Analysis Singapore Updates

How to safeguard your event from a data breach

Event professionals need to strengthen data protection policies and processes to become GDPR and PDPA compliant.

The launch of the General Data Protection Regulations (GDPR) in Europe and stricter rules laid down by the Personal Data Protection Commission this year have raised uncertainties around data protection compliance in the business events industry in Asia.

To mitigate this, the Singapore Association of Convention & Exhibition Organisers & Suppliers (SACEOS) held a knowledge sharing session to help organisations meet their data protection obligations.

The Personal Data Protection Commission (PDPC) announced in August this year that it would be illegal for organisations to collect, use or disclose National Registration Identity Card (NRIC) numbers or make copies of the identity card from 1 September 2019. The updated guidelines under the Personal Data Protection Act (PDPA) address the danger that its misuse could result in crimes like fraud and identity theft.

Organisations that have collected NRIC numbers are encouraged to assess if they need to retain these numbers, and if not, to dispose of them responsibly and in compliance with PDPA’s disposal methods.

Appoint responsible parties

To get started, senior assistant director, publicity & engagement (Data Protection and Innovation Group) of the Info-Communications Media Development Authority (IMDA), Valeriane Toon, advises appointing a dedicated data protection officer (DPO) to safeguard customer information and company resources.

Organisations are free to assess whether the DPO function should be a dedicated responsibility or an additional function within an existing role. Once appointed, the DPO can delegate certain responsibilities to other officers.

“In Singapore, it is mandatory to appoint a DPO, so long as the company manages personal data,” Toon says. “The DPO should foster a data protection culture among employees and communicate personal data protection policies to stakeholders – because there is no use in having policies if there are no processes or people supporting them. Policies set the direction. If people are not trained, they are going to mess up the policies.”

She adds: “All parties handling personal data need to come together to provide information so that the data protection officer can create a framework of governance, making sure that the practices are compliant with PDPA.”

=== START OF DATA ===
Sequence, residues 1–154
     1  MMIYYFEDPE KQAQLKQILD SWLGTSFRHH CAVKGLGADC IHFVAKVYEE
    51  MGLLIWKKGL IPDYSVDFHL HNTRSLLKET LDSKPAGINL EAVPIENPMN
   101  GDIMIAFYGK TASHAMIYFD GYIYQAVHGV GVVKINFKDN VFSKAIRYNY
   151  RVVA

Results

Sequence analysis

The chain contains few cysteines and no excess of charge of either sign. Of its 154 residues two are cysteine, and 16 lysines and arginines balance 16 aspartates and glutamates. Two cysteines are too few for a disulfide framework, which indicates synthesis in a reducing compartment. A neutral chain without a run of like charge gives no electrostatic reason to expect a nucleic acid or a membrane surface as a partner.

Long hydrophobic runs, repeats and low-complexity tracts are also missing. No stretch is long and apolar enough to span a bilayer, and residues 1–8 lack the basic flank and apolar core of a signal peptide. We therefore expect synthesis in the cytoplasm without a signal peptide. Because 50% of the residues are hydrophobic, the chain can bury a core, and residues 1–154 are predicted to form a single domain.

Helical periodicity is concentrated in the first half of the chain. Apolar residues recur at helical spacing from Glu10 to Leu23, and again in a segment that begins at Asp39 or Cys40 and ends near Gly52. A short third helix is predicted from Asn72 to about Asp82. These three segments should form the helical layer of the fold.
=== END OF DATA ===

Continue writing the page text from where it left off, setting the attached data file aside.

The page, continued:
Toon advises that when data is shared among event management companies, venues and suppliers, a data controller needs to be appointed and is legally responsible. “He or she will obtain the customers’ consent, establish a reasonable purpose to collect data, inform customers of all the data processes within the business, and ensure that all parties handling the information will follow the data protection policy,” she says.

Support for organisations is available online in the form of a data protection starter kit, advisory guidelines and checklists.

GDPR for European delegates

With the implementation of General Data Protection Regulation (GDPR), what are event companies in Singapore liable for and what do they need to be aware of when European delegates come to Singapore?

Ralph Hendrich, SACEOS honorary treasurer and general manager at Koelnmesse, says that templates and forms can be designed to indicate consent in a way that is GDPR and PDPA complaint.

“What becomes complicated is tracking the act of information,” he says. “The EU says that personal data is like a brand. A delegate can give you information for a specific purpose. But you don’t own this data. I have the right, even in 20 years, to ask you to tell me where is this data, who has this data, and who does what with this data.

“The best way to prevent breach is to use it for a certain purpose and time and then delete it. The company needs to make it very obvious that they asked for consent and secure professional support to get you GDPR compliant for as long as you run your business,” says Hendrich.

Cloud computing can streamline data management

The advent of cloud computing has advanced event technology to a state where integrated event data management and mobility can be achieved via a centralised platform, accessible anytime, anywhere. Not only will it improve event marketing decisions and handling of sensitive information, but it will also ensure that all data touch points are accounted for.